The WTO has announced the postponement of its November 9 meeting which was scheduled to publicly announce the new DG.
The World Trade Organization has announced that it postponed the planned November 9th meeting to discuss the appointment of Nigeria’s Ngozi Okonjo-Iweala as the next Director-General.
This was disclosed in a statement released on Friday evening. A WTO document seen by Reuters said: “For reasons including the health situation and current events, delegations will not be in a position to take a formal decision on 9 November.”
Reuters also reported that WTO insiders said the delay was because there was “no indication the Trump administration – which will continue to govern trade policy in the weeks ahead irrespective of any U.S. election result – had switched its support to Okonjo-Iweala.”
What you should know
Decency Global News reported in October that Nigeria’s former Finance Minister, Dr Ngozi Okonji-Iweala, was close to being appointed as the new Director-General of the World Trade Organisation (WTO).
A group of ambassadors also known as “troika” proposed Ngozi Okonjo-Iweala to lead the WTO, giving her a clear path to becoming the first woman to head the WTO since it started 25 years ago.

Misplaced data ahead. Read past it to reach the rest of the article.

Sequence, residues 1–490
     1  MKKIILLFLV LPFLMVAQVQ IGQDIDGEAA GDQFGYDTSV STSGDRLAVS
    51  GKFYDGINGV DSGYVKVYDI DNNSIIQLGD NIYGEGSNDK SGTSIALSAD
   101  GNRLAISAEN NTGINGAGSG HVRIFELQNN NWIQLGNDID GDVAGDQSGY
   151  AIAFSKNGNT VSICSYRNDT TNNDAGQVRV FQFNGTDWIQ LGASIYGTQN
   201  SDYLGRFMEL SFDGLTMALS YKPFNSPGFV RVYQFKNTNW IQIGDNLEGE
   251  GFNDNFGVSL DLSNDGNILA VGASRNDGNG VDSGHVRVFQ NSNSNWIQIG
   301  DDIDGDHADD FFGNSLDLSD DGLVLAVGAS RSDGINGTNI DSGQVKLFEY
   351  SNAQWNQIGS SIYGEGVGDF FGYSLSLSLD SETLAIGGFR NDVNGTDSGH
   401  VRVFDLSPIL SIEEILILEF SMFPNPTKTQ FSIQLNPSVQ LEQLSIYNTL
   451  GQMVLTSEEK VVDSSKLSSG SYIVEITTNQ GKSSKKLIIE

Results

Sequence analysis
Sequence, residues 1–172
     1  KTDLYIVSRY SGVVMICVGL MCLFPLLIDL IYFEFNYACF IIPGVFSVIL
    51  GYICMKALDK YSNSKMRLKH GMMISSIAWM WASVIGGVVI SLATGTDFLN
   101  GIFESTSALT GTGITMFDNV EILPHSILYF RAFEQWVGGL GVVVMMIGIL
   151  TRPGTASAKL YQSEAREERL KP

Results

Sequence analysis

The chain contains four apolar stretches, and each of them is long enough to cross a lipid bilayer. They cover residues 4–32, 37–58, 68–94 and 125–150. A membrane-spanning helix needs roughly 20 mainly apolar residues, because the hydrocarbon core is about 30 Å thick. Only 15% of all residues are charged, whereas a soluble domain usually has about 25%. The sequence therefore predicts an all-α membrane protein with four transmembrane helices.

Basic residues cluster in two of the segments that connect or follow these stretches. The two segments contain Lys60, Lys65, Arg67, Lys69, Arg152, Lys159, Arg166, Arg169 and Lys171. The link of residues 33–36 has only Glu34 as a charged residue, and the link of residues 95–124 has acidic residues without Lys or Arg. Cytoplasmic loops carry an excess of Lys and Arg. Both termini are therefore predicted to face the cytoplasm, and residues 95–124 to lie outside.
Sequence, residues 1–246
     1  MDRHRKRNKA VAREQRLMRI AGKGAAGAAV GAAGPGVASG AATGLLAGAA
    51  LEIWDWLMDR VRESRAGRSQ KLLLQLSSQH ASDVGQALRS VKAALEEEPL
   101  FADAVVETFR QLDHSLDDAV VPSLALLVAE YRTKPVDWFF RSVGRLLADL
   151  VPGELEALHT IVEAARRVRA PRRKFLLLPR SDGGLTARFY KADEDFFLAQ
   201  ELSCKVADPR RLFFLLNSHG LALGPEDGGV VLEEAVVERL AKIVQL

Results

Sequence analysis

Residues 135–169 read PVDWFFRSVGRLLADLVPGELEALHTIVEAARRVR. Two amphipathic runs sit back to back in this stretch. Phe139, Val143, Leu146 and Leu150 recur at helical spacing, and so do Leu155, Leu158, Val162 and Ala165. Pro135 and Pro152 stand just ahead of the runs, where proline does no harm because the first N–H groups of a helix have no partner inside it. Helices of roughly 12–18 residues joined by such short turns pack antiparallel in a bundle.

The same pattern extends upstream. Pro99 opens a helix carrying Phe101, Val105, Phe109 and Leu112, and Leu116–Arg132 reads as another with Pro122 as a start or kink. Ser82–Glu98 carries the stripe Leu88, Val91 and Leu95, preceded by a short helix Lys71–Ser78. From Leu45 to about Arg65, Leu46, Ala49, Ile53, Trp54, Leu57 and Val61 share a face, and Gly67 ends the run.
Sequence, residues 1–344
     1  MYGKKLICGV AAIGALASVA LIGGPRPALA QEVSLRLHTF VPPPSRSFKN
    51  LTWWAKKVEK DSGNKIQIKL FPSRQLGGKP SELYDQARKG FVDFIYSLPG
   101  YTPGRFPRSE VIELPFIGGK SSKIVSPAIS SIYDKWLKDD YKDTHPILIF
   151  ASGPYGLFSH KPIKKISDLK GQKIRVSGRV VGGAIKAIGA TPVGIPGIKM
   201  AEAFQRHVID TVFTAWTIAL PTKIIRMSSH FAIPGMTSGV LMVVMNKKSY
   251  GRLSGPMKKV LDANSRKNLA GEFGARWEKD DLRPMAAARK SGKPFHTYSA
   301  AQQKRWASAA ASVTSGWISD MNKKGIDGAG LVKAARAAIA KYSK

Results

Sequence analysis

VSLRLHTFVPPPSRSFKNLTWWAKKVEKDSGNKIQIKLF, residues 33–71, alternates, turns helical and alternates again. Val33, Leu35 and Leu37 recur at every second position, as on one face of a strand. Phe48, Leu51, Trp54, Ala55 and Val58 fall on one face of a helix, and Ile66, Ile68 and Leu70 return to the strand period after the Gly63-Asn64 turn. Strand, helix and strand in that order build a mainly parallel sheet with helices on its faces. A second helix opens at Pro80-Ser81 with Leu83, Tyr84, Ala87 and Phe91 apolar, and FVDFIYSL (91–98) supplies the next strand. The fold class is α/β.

Nigeria’s Ministry of Foreign Affairs announced in a statement that Dr. Ngozi Okonjo-Iweala secured the support of the majority of the member-nations – but was yet to be declared and returned as the winner, as the United States opposed the consensus.
“It has come to my attention that for reasons including the health situation and current events, delegations will not be in a position to take a formal decision on 9 November,” WTO General Council Chairman, David Walker, announced on Friday.
“I am therefore postponing this meeting until further notice during which period I will continue to undertake consultations with delegations,” he added.
The WTO said they would continue consultations despite the postponement of the meeting. The headquarters of the WTO, Geneva, is also under new lockdown restrictions as coronavirus cases rise in Europe.